Trackers may tip a warbler’s odds of returning to its nest | Science News

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Trackers may tip a warbler’s odds of returning to its nest

Cerulean warbler

Cerulean warblers wearing geolocators on their backs may be less likely to complete the usual return flight from South America to their breeding grounds in the eastern United States.

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Strapping tiny trackers called geolocators to the backs of birds can reveal a lot about where the birds go when they migrate, how they get there and what happens along the way. But ornithologists are finding that these cool backpacks could have not-so-cool consequences.

Douglas Raybuck of Arkansas State University and his colleagues outfitted some Cerulean warblers (Setophaga cerulea) with geolocators and some with simple color tags to test the effects the locators might have on breeding and reproduction. This particular species globe-trots from its nesting grounds in the eastern United States to wintering grounds in South America and back each year. While the backpacks didn’t affect reproduction, birds wearing the devices were less likely than those wearing tags to return to the same breeding grounds the next year. The birds may have gotten off track, cut their trips short or died, possibly due to extra weight or drag from the backpack, the team reports May 3 in The Condor.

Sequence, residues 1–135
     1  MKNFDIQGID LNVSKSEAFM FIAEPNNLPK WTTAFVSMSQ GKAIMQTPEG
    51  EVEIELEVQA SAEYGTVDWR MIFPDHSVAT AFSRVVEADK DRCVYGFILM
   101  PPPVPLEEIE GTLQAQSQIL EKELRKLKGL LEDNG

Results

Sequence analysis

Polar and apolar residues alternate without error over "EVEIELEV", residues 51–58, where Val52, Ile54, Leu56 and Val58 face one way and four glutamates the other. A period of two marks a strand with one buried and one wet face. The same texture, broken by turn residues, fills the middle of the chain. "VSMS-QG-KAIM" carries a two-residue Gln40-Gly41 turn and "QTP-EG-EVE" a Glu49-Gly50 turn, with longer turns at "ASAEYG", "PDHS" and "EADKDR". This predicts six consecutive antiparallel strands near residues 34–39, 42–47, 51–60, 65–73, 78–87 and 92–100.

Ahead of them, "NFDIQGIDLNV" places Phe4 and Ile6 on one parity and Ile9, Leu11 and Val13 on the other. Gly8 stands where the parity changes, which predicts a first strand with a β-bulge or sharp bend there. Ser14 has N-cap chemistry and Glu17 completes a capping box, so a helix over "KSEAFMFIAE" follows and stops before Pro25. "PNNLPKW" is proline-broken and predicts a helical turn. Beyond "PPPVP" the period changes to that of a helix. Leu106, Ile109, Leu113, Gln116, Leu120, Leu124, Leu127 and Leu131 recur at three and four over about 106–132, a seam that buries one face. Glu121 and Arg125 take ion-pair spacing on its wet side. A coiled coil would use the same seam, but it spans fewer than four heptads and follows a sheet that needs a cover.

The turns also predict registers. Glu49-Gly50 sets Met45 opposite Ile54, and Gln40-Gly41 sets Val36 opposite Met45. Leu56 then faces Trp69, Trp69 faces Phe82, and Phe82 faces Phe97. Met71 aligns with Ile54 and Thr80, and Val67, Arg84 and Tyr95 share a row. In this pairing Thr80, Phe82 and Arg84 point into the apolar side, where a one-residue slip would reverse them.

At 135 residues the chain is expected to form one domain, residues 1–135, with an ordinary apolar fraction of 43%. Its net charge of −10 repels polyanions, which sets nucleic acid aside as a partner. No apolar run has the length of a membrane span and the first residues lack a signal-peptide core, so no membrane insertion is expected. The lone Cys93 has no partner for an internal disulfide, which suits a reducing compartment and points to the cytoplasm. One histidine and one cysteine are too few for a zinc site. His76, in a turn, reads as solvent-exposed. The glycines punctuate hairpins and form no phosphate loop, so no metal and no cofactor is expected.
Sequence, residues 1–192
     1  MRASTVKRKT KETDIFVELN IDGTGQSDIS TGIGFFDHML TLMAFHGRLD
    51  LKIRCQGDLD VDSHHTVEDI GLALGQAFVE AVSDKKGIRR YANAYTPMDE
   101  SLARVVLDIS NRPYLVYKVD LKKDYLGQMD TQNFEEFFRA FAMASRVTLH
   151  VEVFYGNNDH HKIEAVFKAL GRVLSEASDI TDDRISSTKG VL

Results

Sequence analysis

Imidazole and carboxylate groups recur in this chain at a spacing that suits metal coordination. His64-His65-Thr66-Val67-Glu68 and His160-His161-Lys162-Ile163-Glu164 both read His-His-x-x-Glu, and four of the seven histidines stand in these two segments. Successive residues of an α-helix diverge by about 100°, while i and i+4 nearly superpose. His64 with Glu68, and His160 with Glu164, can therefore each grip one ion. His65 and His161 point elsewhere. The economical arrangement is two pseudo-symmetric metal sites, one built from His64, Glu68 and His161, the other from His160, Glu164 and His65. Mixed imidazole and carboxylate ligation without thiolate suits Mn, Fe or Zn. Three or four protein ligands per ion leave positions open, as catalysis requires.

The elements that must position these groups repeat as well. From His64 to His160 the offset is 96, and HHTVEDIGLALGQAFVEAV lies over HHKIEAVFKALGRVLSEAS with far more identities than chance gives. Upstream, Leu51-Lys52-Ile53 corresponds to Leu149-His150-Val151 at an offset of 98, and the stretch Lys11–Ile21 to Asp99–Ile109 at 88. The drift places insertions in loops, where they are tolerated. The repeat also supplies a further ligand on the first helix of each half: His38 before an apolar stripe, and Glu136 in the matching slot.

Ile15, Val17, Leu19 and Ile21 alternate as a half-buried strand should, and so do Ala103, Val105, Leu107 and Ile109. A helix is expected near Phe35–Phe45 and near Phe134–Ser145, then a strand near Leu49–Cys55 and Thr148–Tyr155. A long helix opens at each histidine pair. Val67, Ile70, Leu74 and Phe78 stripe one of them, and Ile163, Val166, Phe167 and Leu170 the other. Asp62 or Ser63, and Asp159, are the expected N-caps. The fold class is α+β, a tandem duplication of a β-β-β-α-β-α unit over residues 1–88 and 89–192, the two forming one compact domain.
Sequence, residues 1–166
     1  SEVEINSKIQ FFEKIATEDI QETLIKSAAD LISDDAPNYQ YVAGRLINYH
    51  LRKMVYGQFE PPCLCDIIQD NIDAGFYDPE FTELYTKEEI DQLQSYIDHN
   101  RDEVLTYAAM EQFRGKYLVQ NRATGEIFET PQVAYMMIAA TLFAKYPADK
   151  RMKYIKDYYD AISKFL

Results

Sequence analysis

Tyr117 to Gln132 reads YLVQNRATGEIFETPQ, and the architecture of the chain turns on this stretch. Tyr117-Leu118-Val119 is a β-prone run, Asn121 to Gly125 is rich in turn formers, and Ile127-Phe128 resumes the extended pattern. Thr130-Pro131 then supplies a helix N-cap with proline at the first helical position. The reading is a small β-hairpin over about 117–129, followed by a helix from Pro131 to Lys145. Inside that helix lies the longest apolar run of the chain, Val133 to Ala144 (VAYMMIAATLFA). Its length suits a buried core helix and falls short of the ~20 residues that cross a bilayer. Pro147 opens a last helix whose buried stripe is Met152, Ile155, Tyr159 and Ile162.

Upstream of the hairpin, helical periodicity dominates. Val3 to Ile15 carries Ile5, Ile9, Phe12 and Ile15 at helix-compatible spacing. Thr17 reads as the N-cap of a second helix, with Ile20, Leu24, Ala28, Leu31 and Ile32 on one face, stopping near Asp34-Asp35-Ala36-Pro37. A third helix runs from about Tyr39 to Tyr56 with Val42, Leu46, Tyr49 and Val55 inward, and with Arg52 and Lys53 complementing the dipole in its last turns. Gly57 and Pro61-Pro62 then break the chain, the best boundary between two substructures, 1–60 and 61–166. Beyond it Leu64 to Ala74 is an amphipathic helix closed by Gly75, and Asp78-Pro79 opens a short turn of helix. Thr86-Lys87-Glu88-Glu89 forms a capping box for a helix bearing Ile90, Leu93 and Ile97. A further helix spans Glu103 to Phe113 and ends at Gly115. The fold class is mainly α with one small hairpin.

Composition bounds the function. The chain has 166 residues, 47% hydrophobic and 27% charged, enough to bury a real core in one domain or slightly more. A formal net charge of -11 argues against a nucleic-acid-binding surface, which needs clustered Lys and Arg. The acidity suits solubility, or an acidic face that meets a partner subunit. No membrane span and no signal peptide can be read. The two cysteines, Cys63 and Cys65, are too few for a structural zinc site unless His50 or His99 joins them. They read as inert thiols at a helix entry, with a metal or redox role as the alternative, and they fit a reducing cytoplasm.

The study adds to conflicting evidence that geolocators affect some birds in negative ways, such as altering their breeding biology. At best, potential downsides vary from bird to bird and backpack to backpack. But that shouldn’t stop researchers from using geolocators to study migrating birds, the researchers argue, because the devices pinpoint areas crucial to migrating birds and can aid in conservation efforts.

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